And there are a few other problems. Higher speeds generally mean worse consequences for impacts, accidents, and derailments. Taiwan just had a terrible crash that killed at least 50 people, hitting a truck while the train was moving about 75 miles per hour. A Spanish train traveling 100 miles per hour derailed on a bend in 2013 and 79 people died, with another 140 injured. Now picture a train experiencing a collision or derailment while moving five times faster.
And if you’re thinking, “Hey, wouldn’t a train going 550 miles per hour make a tempting target for a terrorist,” you are correct. Worldwide, “between 1970 and the end of 2017, there were 282 attempts to deliberately derail trains and 817 additional attacks on railway infrastructure, including tracks, bridges, tunnels, signaling, and other right-of-way equipment. Of the 282 attempts to derail trains, 118 (or 42 percent) resulted in a derailment.”
Now, what makes this particular gaffe troubling is that we’ve been told, many times over, that Biden is a “rail enthusiast.” In fact, the Obama White House called Biden a “famed rail enthusiast.” But Biden appears to be the kind of rail enthusiast who doesn’t know or understand the first darn thing about trains.
It seems the president has never really thought about why we don’t have trains that travel as fast as planes already. It’s not that we can’t create powerful engines. You can throw a pair of enormous jet engines on a race-car chassis and get it to go 763 miles per hour — breaking the sound barrier and setting the land-speed record in the process. But that’s not going to work for passenger rail!
Yesterday, Biden continued, “We’re going to talk about commercial aircraft flying at subsonic speeds — supersonic speeds. To be able, figuratively, if you may, if we decide to do it, traverse the world in about an hour, travel 21,000 miles an hour. So much is changing, and we have got to lead it.”
The first part of this vision is relatively realistic. The old, retired Concorde plane had a maximum speed of 1,354 mph, more than twice the speed of sound. In fact, the Concorde was the second supersonic passenger airplane. The Soviet version of the Concorde, the Tupolev Tu-144, had a top speed of 1,600 miles per hour, and that sounds really appealing, as long as you can overlook the fact that 12.5 percent of all the Tu-144s ever built crashed.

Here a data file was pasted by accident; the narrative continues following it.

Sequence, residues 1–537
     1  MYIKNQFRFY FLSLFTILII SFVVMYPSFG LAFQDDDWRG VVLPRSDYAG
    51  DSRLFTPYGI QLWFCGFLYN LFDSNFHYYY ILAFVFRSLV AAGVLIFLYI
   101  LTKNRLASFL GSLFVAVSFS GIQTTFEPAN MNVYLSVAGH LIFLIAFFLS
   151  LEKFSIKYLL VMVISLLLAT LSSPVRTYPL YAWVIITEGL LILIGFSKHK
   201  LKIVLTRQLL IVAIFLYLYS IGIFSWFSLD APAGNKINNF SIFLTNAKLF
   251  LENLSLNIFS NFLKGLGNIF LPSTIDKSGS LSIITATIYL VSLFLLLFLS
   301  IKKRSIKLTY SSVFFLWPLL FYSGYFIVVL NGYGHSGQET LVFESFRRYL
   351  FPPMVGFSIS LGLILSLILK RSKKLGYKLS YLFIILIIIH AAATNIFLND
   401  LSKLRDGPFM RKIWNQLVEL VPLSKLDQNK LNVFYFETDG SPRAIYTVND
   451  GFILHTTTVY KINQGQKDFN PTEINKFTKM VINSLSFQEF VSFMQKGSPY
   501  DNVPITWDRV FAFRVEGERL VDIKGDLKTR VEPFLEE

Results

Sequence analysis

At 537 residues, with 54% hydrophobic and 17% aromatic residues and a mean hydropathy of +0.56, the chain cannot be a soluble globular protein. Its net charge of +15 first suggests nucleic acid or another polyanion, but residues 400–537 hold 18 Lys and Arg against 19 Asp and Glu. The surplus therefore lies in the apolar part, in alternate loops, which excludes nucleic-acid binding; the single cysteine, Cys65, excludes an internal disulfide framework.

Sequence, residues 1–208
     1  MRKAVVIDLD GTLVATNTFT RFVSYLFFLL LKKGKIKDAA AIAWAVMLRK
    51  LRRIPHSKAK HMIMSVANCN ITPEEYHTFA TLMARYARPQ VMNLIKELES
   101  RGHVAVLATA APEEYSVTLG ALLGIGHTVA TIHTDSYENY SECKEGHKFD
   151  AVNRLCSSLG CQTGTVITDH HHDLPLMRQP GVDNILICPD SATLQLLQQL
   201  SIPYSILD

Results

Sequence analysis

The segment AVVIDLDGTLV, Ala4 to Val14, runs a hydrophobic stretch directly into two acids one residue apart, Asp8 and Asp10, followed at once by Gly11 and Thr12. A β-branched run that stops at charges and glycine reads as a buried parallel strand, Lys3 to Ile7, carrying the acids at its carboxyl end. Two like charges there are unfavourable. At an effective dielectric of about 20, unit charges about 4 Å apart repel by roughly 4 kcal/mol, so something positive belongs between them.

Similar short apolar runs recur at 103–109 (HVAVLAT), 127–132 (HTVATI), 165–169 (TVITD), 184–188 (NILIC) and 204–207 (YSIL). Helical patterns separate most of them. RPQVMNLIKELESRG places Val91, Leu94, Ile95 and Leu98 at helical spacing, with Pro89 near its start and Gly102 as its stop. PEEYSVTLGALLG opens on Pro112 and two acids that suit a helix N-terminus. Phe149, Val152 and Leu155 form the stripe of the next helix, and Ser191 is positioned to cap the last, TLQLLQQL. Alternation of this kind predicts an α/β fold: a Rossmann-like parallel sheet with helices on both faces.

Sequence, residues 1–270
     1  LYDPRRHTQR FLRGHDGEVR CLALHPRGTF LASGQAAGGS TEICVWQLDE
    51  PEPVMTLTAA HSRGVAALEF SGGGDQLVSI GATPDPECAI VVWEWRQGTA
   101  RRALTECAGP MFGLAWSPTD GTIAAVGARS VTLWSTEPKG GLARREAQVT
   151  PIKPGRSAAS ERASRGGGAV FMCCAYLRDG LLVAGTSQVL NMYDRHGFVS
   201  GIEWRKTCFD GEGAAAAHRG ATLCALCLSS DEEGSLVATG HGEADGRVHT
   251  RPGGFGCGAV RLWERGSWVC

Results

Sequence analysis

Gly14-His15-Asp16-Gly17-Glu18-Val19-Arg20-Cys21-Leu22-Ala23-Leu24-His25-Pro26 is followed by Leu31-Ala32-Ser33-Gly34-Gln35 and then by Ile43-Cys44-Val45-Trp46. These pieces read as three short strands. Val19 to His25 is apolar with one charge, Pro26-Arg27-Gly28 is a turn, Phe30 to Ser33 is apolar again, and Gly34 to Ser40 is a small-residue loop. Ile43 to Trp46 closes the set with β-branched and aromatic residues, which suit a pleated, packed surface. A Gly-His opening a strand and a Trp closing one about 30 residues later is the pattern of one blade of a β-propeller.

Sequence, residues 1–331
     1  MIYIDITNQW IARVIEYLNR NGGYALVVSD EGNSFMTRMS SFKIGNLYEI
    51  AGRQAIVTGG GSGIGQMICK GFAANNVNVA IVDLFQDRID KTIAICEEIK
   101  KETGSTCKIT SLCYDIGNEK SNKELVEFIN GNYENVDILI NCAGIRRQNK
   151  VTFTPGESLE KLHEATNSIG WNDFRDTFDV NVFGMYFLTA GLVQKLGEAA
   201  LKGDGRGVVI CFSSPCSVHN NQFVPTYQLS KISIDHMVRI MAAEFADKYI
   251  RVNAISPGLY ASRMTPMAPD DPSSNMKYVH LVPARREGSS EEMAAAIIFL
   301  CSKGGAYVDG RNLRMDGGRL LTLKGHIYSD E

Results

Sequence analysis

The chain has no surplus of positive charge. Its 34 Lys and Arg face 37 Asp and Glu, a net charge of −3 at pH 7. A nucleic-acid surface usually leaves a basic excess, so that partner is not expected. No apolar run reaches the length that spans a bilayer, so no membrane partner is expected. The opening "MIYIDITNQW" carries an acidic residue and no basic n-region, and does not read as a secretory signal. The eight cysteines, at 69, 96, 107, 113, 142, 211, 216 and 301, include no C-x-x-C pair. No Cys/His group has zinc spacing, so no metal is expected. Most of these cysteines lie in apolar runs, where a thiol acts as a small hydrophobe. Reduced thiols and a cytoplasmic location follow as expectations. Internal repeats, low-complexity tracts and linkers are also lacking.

The crash of a Concorde jet just outside the Paris Charles de Gaulle Airport in 2000 didn’t help, but what really forced the retirement of supersonic passenger jets was that it wasn’t cost-effective. The fuel costs would often exceed the revenue from the passengers — and flying on the Concorde was not cheap! — and supersonic flight over U.S. land is currently banned because the sonic booms can break windows. (By the way, a strong jet stream can add to a plane’s speed enormously; early last year, a British Airways Boeing 747 hit 825 miles per hour crossing the Atlantic.)
But Biden’s vision of a passenger aircraft that can “traverse the world in about an hour, travel 21,000 miles an hour” is a strong argument for mandatory drug testing in the White House. The fastest jet in the world is the SR-71 Blackbird, perhaps the most famous spy plane in the world, and it travels at 2,100 mph.
It is hard for us laymen to grasp the engineering challenges of designing something to fly that fast and keeping it functioning at that speed. My favorite anecdote about the SR-71 is that it was deliberately designed to leak fuel on the ground before takeoff:
However, there was one design feature that many presumed was a mechanical flaw. When the Blackbird took to the sky, its airframe started leaking, leaving a trail of jet fuel on the tarmac. While many were concerned that this would render the plane useless, the Blackbird was designed to eject its specialized fuel. When developing the aircraft, engineers accounted for the temperature fluctuations that it would experience. More specifically, they realized that the plane’s components would heat up as the aircraft gained more speed.